The aim of the present whitepaper is to recommend future directions for the European surface technology industry to remain relevant and competitive, and furthermore, to suggest supportive actions stimulating this development. This is done from a pan-European view based on an analysis of the present status of the competitiveness of the European surface finishing industry and the challenges it is facing. The work has been carried out by a group of European experts representing different sectors and regions.
For decades, globalisation has made offshoring of production a common activity by moving mass production to low-wage countries in Asia, but also relocation of production within Europe from the West to the East has been significant. In addition to cost reduction, vicinity to growing markets has been an important argument for relocating production. Success of offshoring has shown to depend on many more parameters and some backshoring is experienced, especially of high-tech products with the main drivers being: increasing costs at offshored facility, lack of quality, limitation in lead time and flexibility, limited access to skills and knowledge, risk of losing know-how and IP, and brand equity. Increasing production automation counteracts offshoring and Europe holds in general a strong position and a strong trend in automation.
Surface finishing is not a stand-alone industry, but an integrated part of manufacturing of most products and thereby an integrated part of the manufacturing chain and follows the rest of the manufacturing if offshored. The European surface finishing sector has an estimated annual turnover of US$ 114 Bn and employs around 900 000 people, and has had an annual growth rate of 3.6% during the last decade. We will soon learn how this is affected by the ongoing pandemic. The sector accounts for about 5% of all manufacturing of products. About 1/3 of the surface finishing is estimated to be done by sub-contractors and 2/3 in-house. The average size of European subcontractors is stable at between 11 and 12 employees with the majority having less than 10 employees, which is a challenge for the future development.
Since surface finishing is an integrated part of manufacturing, it is not recommended to create a European strategy for bringing back offshored surface finishing. Already offshored production might soon be obsolete due to technological changes. Instead it is recommended that the European surface finishing sector prioritises advanced production technology for new high-tech and high added value products, and take advantage of disruptive changes in society and technology shifts where completely new areas of application of surface technology can arise, e.g. within sustainable energy systems.
To be successful, surface finishers should meet expectations to the following selling points: Price, quality, short lead time, innovation ability, meeting legislation, and brand equity. This is challenging, especially for the many small firms, and should be obtained by increased automation, close cooperation between all functions and partners in the value chain, and secured and improved competence supply for all functions involved.
Basically, the solution can be described as improved education and improved organization between applied research, product development, production development and manufacturing. Each year tens of thousands of new employees are entering the surface finishing sector to cover many different functions (operators, engineers, experts, salesmen, managers, etc), but the present education and training programmes do not offer the needed capacity. Instead many new employees have to rely on in-house training, which is extra critical for small firms that need to meet new demands on technology implementation, legislation, etc. There is a strong need for pan-European actions to coordinate and expand education and training offered by schools, universities and professional associations across Europe.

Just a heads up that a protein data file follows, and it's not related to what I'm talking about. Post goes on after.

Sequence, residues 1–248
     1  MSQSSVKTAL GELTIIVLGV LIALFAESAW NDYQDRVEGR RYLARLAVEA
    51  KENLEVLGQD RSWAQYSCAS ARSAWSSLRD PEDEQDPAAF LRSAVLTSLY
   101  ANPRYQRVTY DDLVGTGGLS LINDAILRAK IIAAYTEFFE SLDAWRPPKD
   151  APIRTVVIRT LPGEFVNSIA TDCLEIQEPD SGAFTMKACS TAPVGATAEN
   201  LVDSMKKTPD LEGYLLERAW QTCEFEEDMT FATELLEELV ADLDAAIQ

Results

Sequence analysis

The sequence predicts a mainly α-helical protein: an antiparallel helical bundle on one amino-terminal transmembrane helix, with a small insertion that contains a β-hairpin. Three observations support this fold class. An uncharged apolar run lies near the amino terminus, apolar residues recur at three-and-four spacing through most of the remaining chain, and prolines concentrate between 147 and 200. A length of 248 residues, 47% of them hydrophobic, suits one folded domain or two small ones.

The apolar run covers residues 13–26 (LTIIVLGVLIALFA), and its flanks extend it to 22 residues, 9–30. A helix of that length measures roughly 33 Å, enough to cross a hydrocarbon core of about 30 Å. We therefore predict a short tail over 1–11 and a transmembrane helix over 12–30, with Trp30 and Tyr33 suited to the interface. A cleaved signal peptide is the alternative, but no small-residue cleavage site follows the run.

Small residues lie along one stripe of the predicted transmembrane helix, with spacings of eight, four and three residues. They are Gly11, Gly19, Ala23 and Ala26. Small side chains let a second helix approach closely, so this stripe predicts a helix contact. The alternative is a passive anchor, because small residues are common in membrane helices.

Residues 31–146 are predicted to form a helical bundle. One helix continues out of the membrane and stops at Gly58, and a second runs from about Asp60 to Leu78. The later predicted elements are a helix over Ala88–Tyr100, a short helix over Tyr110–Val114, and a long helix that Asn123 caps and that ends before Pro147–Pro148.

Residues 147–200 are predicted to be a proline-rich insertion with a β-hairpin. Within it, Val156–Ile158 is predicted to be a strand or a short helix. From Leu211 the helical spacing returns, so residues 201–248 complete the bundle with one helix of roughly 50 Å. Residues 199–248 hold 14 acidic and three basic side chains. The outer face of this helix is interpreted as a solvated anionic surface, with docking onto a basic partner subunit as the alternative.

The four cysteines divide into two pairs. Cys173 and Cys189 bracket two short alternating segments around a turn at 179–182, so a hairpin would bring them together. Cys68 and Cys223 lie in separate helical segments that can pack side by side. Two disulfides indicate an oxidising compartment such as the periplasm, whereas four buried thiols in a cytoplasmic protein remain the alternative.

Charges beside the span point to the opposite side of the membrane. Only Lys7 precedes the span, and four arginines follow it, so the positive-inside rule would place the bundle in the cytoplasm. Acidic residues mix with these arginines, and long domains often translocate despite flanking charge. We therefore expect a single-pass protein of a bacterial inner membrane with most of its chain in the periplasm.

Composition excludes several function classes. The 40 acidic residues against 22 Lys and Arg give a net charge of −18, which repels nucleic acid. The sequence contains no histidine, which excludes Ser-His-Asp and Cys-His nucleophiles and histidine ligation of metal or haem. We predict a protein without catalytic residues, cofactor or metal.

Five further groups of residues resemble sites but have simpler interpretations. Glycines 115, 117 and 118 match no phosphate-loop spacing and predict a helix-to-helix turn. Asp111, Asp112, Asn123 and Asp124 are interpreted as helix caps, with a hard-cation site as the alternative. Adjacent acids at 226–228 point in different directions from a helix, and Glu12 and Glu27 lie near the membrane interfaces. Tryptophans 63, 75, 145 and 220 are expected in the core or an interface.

Overall competence and better theoretical understanding leads to better reliability, quality, and cost-efficiency. It becomes easier to communicate between the different actors in the value chain stimulating efficient technology transfer from academia to supply house and practitioner in industry and increase innovation support to speed up the innovation rate.
Students must be attracted to choose an education and career related to surface technology even though the field is less visible, since it is not a branch of industry with its own separate products. Coordinated actions are needed to market surface technology/finishing as an interesting field with direct impact on daily life and essential for the future development of society.
Europe has a strong tradition in surface finishing and the sector is characterized by a significant diversity (specialisation). The right competence supply and organisation can make ‘cooperative diversity’ a European stronghold.
Within its stated role the EAST intention is to act to facilitate the recommended development supporting the surface finishing sector.
- Peter Leisner, Jönköping University, Sweden, east president
- Clive Larson, Institute of Materials Finishing (IMF), UK, invited expert
- Lars Pleth Nielsen, Danish Technological Institute, Denmark, east board member
- Stefan Müller, Airbus Helicopters, Germany, invited expert
- Wolfgang Hansal, RENA Technologies Austria GmbH, Austria, east executive board member
- Jean-Claude Puippe, Steiger Galvanotechnique SA, Switzerland, east board member
- Andreas Zielonka, FEM, Germany, east executive board member